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Molecular Imprints -- Inprint Lithography Systems
 
Founded: Feb 2001
Status: Private
Issue(s): 12/02
www.molecularimprints.com
1807-C West Braker Lane
Austin, TX 78758
Tel: 512/339-7760
Fax: 512/339-3799

Molecular Imprints was formed in February 2001 based on research done at University of Texas, Austin by Professor Grant Willson and Professor S.V. Sreenivasan. The company was spun off under UT’s technology licensing office to develop imprint lithography systems for semiconductor device manufacturers.

The firm has secured $12 million in Series A funding, led by Alloy Ventures and including Huntington Ventures, Draper Fisher Jurvetson, Asset Management, KT Ventures, the venture arm of KLA-Tencor, Motorola Ventures, Lam Research, and an undisclosed corporate investor. The company has received a SBIR contract worth $100K and a $2.4 million federal contract with the Defense Advanced Research Projects Agency (DARPA). Additional capital is currently being raised from strategic partners. The company has 26 employees.

Molecular Imprints’ imprint lithography system would be used to imprint patterns on a wafer made of substances such as gallium arsenide or indium phosphide. The pattern is initially etched on a press template made of quartz. The template is covered with a self-assembling monomer layer, which prevents anything from sticking to it. The wafer is covered with an organic liquid ultraviolet-curable monomer that solidifies into a polymer when the press is lowered, exposing the wafer to UV light.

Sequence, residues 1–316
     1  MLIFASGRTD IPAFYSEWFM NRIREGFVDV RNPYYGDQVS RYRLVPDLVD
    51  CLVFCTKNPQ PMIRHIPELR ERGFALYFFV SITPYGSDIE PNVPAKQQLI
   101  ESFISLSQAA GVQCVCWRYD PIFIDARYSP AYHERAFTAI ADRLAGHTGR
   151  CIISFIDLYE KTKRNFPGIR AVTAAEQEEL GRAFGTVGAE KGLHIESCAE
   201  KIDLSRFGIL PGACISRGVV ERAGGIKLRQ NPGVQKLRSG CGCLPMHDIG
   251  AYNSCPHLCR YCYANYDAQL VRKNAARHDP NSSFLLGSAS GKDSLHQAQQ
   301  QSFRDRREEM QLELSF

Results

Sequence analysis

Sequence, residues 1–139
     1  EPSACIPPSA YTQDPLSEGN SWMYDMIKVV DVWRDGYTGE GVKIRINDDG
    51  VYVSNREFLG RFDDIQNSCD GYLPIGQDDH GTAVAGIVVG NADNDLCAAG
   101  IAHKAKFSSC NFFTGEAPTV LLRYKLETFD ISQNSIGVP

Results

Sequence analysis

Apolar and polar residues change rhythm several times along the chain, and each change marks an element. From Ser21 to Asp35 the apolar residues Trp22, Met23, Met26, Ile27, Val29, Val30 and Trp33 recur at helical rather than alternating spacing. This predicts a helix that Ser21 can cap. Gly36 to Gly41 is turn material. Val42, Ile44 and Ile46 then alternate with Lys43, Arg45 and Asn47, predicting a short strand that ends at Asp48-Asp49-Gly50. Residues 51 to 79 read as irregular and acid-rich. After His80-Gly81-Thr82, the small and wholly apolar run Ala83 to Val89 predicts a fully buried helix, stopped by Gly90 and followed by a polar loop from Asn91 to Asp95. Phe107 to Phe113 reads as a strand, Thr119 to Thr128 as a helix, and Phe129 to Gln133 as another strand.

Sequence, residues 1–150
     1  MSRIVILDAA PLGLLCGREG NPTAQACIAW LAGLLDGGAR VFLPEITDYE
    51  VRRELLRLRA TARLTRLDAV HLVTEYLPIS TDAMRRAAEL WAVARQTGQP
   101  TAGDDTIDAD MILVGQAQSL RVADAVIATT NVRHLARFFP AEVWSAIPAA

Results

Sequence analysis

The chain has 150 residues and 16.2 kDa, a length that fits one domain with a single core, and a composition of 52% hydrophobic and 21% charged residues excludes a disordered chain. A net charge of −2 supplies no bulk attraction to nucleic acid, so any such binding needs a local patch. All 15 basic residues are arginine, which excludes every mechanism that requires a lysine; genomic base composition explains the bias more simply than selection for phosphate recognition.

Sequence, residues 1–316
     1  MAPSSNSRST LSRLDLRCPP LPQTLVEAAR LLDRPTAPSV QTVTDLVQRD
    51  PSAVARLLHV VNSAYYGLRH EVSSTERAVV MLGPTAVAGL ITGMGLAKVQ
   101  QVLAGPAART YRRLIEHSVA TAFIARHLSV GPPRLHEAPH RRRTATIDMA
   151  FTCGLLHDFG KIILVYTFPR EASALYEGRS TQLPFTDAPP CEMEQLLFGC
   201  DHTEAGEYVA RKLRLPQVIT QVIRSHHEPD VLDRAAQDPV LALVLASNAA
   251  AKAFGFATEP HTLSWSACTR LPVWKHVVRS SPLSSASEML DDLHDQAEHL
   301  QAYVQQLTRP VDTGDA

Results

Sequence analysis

The technique can create patterns with nano-scale resolution and is applicable to nano-devices, MEMS and optical communications components and devices. According to Schumaker, the templates will be comparable in cost, if not less expensive, than traditional photomasks. Initially, the system will be able to pattern lines in the 100nm range, although e-beam width patterning is feasible.

Initial applications will focus on compound semiconductor wafers like gallium arsenide or indium phosphide, as well as thin film materials. The rational behind this is that these processes tend to have less stringent quality, throughput, die size, and line width requirements than high volume commodity CMOS processes. Given a field size of 25mm2, the system could pattern roughly 625 1 mm2 GaAs die, reducing defect rates. The initial system will also not be automated, with throughput based on operator speed, which lends itself to lower volume applications. Future systems will feature more automation.

Molecular Imprints has one undisclosed customer and will begin shipping its imprint lithography system in late Q4 or early Q1. The multi-million dollar system will be significantly less expensive than traditional lithography systems. The company is working with Motorola to design the way to etch the quartz templates.

Norman Schumaker, Founder, President and CEO (previously CEO of FOReTEL Associates, an Austin-based consulting firm. Before that, he was the founder, chairman, CEO and president of EMCORE, a manufacturer of semi process systems. He also managed the New Materials and Technology Group at AT&T Bell Labs.)

Professor Grant Willson (Rashid Engineering Regents Chair in the Department of Chemical Engineering and a professor of chemistry and biochemistry)

Sreenivasan (an associate professor in the Mechanical Engineering Department)



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